Airfares surge due to Umrah rush


Saudi Gazette

JEDDAH — The airfares from the Indian subcontinent to Jeddah and Madinah peaked with the rush of Umrah pilgrims heading to the Kingdom ahead of the Eid Milad-u-Nabi.

The festival of Milad-u-Nabi commemorates the birth of the holy prophet (peace be upon him) on Rabiul Awwal 12 (Nov. 30 this year) and many Asian Muslims are eager to perform Umrah during the month.

The Prophet Muhammad (PBUH) never encouraged the celebration of his birth nor did his companions but the occasion is the most popular Muslim festival in most parts of the world after Eid Al-Fitr and Eid Al-Adha.

The flights from most of cities in South Asia to Jeddah are overbooked while thousands have been waiting for seats ahead of Mild-u-Nabi, which is only a few days away, according to travel industry sources.

Interestingly, people who cannot make it to Madinah before 12th of Rabiul Awwal will be satisfied with spending some of the remaining days of the month in Prophet’s city.

Rabiul Awal is the most preferred month for Umrah pilgrims, especially South Asians, after the holy month of Ramadan. Many people have been arriving in groups to celebrate the day in the holy cities, said a tour operator.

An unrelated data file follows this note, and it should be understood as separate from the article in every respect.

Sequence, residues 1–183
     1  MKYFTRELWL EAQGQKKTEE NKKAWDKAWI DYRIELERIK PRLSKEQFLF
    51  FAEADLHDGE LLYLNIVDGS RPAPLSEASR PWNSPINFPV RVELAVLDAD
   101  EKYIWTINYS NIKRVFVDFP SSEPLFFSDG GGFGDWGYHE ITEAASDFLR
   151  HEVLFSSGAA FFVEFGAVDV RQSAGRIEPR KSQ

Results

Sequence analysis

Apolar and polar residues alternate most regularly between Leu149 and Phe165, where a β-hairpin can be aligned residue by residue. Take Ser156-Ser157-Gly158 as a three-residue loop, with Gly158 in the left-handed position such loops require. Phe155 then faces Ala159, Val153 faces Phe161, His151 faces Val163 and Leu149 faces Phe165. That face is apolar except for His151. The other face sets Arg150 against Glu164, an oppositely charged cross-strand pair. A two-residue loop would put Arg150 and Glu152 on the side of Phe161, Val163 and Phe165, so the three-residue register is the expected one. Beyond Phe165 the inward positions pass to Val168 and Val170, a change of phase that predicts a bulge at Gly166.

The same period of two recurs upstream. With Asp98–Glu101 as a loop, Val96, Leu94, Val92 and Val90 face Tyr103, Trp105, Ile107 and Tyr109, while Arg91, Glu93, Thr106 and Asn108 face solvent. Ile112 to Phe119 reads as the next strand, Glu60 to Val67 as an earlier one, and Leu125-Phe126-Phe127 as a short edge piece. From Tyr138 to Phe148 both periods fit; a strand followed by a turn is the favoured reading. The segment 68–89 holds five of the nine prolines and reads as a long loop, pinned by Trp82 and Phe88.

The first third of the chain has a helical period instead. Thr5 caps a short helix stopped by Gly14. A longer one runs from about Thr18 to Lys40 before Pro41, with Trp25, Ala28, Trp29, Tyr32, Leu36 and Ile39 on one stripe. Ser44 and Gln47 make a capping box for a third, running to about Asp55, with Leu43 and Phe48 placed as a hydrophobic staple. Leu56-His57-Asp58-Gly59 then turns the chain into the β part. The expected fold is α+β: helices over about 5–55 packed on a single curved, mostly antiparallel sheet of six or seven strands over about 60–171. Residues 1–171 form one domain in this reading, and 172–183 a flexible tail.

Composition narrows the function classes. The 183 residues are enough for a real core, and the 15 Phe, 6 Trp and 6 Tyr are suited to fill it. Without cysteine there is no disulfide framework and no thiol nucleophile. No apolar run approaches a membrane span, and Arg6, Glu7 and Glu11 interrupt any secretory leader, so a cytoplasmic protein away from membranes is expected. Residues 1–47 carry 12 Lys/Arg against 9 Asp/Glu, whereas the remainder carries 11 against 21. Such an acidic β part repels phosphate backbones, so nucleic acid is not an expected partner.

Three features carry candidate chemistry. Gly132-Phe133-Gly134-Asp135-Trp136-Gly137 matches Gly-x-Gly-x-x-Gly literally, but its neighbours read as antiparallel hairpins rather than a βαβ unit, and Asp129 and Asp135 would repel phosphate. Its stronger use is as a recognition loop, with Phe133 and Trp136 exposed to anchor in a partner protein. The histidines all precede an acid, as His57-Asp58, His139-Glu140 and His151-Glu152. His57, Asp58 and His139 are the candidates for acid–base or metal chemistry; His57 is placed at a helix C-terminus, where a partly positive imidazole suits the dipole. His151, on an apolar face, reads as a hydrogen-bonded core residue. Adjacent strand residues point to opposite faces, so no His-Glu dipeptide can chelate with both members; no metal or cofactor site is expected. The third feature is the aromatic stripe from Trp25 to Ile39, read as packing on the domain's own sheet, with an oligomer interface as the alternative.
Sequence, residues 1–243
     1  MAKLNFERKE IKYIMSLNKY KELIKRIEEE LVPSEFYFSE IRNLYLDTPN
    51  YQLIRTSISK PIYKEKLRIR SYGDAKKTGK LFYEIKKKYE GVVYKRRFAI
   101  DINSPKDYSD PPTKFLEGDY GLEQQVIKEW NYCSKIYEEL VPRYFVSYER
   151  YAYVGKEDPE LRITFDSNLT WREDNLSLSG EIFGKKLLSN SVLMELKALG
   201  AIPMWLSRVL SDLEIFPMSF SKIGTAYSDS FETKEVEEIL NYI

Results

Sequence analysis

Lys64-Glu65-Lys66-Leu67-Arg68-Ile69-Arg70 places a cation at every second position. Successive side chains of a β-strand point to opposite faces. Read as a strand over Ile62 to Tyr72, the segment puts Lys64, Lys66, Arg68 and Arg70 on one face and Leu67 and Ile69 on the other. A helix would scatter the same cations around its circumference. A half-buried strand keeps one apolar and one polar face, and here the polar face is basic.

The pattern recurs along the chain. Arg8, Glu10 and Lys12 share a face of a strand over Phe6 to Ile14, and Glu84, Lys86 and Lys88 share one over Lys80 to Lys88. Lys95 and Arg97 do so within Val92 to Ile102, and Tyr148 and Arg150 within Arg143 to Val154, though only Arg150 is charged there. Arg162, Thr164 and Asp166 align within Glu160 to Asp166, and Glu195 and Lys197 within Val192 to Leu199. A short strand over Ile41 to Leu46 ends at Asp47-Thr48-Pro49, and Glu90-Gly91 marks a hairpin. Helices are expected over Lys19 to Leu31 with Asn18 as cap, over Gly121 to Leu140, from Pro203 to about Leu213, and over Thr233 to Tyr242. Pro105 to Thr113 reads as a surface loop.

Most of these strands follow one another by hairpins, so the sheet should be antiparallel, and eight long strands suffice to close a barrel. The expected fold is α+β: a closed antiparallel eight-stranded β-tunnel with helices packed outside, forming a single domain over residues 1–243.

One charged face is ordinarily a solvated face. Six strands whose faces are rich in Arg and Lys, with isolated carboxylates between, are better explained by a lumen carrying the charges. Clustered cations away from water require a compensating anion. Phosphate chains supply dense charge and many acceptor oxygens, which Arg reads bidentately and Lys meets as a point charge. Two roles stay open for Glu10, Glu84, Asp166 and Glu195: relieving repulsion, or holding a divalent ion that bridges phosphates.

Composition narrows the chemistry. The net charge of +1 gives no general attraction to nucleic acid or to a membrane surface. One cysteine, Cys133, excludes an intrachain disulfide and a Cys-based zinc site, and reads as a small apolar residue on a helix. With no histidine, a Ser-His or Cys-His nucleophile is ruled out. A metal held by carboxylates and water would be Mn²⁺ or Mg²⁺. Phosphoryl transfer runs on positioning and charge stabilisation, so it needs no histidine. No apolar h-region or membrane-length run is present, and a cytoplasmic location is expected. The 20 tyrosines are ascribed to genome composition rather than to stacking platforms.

Due to high demand, all major airlines raised prices to Jeddah. The Umrah package that used to cost 32,000 Indian rupees from the southern states is now hovering above 55,000 rupees, according to the tour operators.

“There are pilgrims who are willing to bear double the cost for a Umrah package ahead of Rabiul Awwal 12,” said Mohammed Masrat of Al-Quba Travel in Hyderabad, India.

“We normally charge 65,000 Pakistani rupees for the Umrah package from Lahore, but due to the current rush prices surged to 85,000 rupees,» Irfan Malik of Bukhari Travels, a leading travel agency in Lahore, told Saudi Gazette over the phone.

“There is a marked increase in Umrah traffic from the start of this month,” said Ali Osman, manager of Biman Bangladesh Airlines.

The Kingdom’s Grand Mufti Sheikh Abdul Aziz Al-Asheikh has warned Muslims against celebrating the birthday of the Prophet (PBUH) saying that it was a superstitious innovation that was illegally added to the religion.

“It is a bid›a (a sinful innovation) that crept into Islam after the first three centuries when the companions and their successors lived,” the grand mufti said during one of his sermons.